Pompeii's Influence In Campania

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Strategically located on top of a hill at the end of the Sarno River, Pompeii was a very attractive location to many settlers in Campania. Various ethnic groups showed great interest in settling in the area, including the Greeks, Etruscans, Samnites, and the Romans. As a result, what started off as a small agricultural community eventually transformed into a major urban hub wielding significant influence in Campania. Through rich archaeological and literary evidence excavated in Pompeii, scholars have been able to trace back Pompeii’s development from an agricultural settlement into an urban center, which occurred over a span of 700 years. Pompeii’s early history is humble: archaeologists date Pompeii back to the prehistoric times as a small…show more content…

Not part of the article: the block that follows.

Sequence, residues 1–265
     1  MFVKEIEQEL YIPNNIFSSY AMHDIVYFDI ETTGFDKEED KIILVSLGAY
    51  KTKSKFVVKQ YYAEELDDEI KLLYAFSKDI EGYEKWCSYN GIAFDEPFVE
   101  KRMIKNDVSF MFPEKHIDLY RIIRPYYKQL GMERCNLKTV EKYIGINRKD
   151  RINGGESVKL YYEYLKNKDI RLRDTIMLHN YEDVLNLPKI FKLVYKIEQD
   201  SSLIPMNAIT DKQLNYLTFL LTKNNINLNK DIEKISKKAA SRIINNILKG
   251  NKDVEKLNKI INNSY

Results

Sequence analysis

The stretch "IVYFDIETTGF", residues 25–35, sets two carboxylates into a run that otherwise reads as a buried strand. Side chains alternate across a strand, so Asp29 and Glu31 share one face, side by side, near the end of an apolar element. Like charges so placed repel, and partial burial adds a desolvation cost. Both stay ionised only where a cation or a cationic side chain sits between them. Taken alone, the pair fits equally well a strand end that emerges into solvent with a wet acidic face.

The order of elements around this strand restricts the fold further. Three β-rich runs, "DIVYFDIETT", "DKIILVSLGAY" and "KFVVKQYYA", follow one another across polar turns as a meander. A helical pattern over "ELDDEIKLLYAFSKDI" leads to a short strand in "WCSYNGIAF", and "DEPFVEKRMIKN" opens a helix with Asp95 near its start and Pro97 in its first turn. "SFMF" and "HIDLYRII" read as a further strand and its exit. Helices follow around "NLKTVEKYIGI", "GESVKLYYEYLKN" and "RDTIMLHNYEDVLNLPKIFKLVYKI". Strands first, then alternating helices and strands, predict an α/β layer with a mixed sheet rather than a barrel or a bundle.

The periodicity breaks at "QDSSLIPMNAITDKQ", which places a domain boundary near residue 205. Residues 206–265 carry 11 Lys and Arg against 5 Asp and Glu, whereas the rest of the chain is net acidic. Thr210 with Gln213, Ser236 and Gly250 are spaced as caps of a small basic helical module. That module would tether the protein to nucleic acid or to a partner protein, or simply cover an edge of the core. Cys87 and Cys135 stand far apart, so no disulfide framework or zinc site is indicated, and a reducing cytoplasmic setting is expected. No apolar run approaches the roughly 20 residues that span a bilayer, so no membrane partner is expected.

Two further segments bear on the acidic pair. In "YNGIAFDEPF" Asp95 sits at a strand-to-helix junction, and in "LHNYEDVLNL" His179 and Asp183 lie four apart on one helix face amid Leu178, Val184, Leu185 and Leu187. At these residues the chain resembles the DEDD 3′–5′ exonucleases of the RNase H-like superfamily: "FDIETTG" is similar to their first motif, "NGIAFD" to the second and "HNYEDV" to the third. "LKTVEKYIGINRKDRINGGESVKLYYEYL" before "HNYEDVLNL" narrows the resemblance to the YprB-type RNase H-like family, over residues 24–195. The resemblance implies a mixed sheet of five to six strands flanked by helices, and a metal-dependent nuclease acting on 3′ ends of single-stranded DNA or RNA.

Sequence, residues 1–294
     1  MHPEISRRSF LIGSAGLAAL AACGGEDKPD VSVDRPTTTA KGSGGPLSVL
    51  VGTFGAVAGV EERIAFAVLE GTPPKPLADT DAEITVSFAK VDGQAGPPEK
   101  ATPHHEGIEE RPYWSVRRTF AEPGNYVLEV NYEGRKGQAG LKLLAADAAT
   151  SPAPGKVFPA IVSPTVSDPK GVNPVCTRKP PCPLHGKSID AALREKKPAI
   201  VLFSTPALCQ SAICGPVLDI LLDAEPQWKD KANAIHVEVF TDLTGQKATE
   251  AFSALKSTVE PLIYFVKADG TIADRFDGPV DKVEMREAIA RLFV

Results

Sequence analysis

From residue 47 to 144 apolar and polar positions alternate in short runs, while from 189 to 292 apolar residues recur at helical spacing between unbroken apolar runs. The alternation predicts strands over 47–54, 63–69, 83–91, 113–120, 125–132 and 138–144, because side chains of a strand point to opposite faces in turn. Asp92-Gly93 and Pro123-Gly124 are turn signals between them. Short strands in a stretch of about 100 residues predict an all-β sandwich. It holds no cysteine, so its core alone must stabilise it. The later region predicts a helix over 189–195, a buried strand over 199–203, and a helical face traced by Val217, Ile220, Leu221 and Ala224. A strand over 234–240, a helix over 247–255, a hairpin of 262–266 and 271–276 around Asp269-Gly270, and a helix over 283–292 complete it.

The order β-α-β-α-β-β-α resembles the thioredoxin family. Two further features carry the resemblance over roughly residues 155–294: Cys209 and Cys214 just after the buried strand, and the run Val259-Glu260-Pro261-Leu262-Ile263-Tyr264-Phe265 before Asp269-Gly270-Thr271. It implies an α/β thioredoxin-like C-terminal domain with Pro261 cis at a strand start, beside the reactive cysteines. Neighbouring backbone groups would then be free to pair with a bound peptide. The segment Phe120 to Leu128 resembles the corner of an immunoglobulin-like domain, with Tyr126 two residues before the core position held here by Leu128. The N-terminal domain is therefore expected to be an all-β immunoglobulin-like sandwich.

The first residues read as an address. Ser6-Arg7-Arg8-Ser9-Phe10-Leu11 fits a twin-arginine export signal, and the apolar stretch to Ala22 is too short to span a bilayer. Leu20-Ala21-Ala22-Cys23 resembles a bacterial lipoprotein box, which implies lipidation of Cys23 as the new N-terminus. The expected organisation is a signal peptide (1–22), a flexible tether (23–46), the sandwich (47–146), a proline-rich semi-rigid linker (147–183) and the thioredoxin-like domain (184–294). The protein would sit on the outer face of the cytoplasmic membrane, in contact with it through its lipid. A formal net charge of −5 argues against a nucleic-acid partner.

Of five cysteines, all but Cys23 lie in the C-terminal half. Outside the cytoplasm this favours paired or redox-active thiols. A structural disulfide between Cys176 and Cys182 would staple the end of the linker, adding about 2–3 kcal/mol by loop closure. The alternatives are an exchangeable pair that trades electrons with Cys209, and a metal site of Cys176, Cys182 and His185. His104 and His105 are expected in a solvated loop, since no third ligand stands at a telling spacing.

As the Roman Empire started expanding into Campania around the 4th century BC, they came into conflict with the Samnites and challenged their dominance in the region. After a series of three “Samnite Wars” spanning from 343 BC to 290 BC, Rome took control over all of Campania, turning Pompeii into an “allied city” of Rome . Under Roman rule, Pompeii quickly developed into an urban center, and an abundance of new building projects began to take place. In fact, many of the building foundations seen in Pompeii today date back to the 2nd and 1st centuries BC, during which the Romans had control over Pompeii . The Forum, the city center, went through a series of remarkable changes. The Forum’s floor was newly paved, and a colonnade was added to the central area of the Forum. The Temple of Jupiter was also erected at the end of the Forum’s central area as well . Other than the erection of new public structures, evidence of prosperity brought by Pompeii’s urban development is also apparent in the increased variety of consumed goods. A greater range of pottery, such as amphorae from Tunisia and vessels from the Greek island of Kos, has been excavated in Pompeii, along with coins that came from Egypt . Evidence suggests that Pompeians also began to enjoy a more varied diet. They first consumed fowls and olives around this period, as well as various spices and fruits including chickpeas, walnuts, pine nuts, and dates. Most importantly, the analysis of rubbish deposits reveals that food processing no longer occurred at the home, and consumers began to purchase pre-prepared crops and fish . It is clear that by 100 BC, Pompeii had fully become a flourishing urban city, and Pompeians enjoyed a higher quality of life as a result. Despite such improvements, however, Pompeians were dissatisfied with strict Roman rule and the heavy taxes they imposed. Thus, in the

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